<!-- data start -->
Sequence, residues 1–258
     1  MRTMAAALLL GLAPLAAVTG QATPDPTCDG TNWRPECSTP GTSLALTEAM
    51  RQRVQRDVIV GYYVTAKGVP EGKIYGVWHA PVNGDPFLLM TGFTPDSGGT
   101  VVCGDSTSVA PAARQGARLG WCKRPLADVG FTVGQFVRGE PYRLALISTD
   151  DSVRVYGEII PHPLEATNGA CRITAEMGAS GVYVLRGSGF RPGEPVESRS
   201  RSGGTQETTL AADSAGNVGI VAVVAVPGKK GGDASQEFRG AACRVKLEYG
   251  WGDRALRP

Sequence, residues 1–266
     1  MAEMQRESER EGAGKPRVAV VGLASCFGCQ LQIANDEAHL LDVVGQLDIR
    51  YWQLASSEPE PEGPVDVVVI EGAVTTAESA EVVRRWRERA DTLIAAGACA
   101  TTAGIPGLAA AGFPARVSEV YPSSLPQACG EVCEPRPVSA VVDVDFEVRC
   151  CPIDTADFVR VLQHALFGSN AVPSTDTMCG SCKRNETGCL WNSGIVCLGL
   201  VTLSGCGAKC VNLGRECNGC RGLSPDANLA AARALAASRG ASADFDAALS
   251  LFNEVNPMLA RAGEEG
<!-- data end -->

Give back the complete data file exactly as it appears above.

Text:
Sequence, residues 1–258
     1  MRTMAAALLL GLAPLAAVTG QATPDPTCDG TNWRPECSTP GTSLALTEAM
    51  RQRVQRDVIV GYYVTAKGVP EGKIYGVWHA PVNGDPFLLM TGFTPDSGGT
   101  VVCGDSTSVA PAARQGARLG WCKRPLADVG FTVGQFVRGE PYRLALISTD
   151  DSVRVYGEII PHPLEATNGA CRITAEMGAS GVYVLRGSGF RPGEPVESRS
   201  RSGGTQETTL AADSAGNVGI VAVVAVPGKK GGDASQEFRG AACRVKLEYG
   251  WGDRALRP

Sequence, residues 1–266
     1  MAEMQRESER EGAGKPRVAV VGLASCFGCQ LQIANDEAHL LDVVGQLDIR
    51  YWQLASSEPE PEGPVDVVVI EGAVTTAESA EVVRRWRERA DTLIAAGACA
   101  TTAGIPGLAA AGFPARVSEV YPSSLPQACG EVCEPRPVSA VVDVDFEVRC
   151  CPIDTADFVR VLQHALFGSN AVPSTDTMCG SCKRNETGCL WNSGIVCLGL
   201  VTLSGCGAKC VNLGRECNGC RGLSPDANLA AARALAASRG ASADFDAALS
   251  LFNEVNPMLA RAGEEG